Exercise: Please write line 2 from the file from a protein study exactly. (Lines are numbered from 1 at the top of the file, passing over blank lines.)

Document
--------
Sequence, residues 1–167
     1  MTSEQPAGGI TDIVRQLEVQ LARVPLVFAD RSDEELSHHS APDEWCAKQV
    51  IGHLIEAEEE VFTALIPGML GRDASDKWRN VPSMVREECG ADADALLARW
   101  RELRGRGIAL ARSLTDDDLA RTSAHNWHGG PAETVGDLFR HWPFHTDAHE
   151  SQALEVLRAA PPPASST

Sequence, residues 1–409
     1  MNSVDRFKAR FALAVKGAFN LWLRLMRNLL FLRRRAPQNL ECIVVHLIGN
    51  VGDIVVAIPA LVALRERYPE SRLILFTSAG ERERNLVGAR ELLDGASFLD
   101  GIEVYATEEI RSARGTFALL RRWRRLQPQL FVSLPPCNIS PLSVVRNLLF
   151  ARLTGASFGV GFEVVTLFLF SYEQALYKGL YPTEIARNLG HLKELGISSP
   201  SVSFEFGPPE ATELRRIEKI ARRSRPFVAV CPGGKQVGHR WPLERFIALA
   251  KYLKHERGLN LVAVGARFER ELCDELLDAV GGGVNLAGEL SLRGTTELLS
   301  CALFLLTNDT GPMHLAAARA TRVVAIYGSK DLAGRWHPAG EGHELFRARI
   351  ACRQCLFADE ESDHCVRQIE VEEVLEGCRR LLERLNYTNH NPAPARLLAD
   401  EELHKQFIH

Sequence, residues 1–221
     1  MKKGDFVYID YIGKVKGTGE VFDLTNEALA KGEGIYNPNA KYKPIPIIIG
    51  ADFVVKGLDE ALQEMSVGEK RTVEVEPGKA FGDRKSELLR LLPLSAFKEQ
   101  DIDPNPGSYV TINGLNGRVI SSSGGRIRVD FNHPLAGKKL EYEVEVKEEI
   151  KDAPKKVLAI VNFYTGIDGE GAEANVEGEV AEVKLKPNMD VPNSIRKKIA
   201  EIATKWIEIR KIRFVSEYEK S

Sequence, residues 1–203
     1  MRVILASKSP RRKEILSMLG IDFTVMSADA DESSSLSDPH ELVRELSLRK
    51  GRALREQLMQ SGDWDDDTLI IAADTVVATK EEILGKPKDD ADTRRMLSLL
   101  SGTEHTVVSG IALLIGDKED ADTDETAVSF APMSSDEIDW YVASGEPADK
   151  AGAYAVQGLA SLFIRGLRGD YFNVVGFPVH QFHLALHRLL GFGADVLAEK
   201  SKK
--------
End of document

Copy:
     1  MTSEQPAGGI TDIVRQLEVQ LARVPLVFAD RSDEELSHHS APDEWCAKQV